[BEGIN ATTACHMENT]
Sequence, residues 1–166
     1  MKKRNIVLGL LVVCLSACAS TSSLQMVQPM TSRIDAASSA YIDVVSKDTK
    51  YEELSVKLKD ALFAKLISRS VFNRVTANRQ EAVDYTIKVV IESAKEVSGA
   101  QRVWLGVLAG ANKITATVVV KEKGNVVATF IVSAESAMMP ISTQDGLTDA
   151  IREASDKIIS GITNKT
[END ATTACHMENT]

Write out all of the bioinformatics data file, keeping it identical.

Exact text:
Sequence, residues 1–166
     1  MKKRNIVLGL LVVCLSACAS TSSLQMVQPM TSRIDAASSA YIDVVSKDTK
    51  YEELSVKLKD ALFAKLISRS VFNRVTANRQ EAVDYTIKVV IESAKEVSGA
   101  QRVWLGVLAG ANKITATVVV KEKGNVVATF IVSAESAMMP ISTQDGLTDA
   151  IREASDKIIS GITNKT